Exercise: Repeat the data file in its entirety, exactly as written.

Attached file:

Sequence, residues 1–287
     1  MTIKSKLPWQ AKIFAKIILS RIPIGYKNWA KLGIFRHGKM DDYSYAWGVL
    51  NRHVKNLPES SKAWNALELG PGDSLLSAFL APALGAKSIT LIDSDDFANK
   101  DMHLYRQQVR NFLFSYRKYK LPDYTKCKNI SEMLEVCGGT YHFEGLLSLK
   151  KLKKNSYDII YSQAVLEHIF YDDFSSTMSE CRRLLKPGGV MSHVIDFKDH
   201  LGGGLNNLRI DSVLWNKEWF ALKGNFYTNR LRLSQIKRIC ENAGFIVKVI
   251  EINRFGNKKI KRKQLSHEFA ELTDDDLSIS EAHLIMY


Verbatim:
Sequence, residues 1–287
     1  MTIKSKLPWQ AKIFAKIILS RIPIGYKNWA KLGIFRHGKM DDYSYAWGVL
    51  NRHVKNLPES SKAWNALELG PGDSLLSAFL APALGAKSIT LIDSDDFANK
   101  DMHLYRQQVR NFLFSYRKYK LPDYTKCKNI SEMLEVCGGT YHFEGLLSLK
   151  KLKKNSYDII YSQAVLEHIF YDDFSSTMSE CRRLLKPGGV MSHVIDFKDH
   201  LGGGLNNLRI DSVLWNKEWF ALKGNFYTNR LRLSQIKRIC ENAGFIVKVI
   251  EINRFGNKKI KRKQLSHEFA ELTDDDLSIS EAHLIMY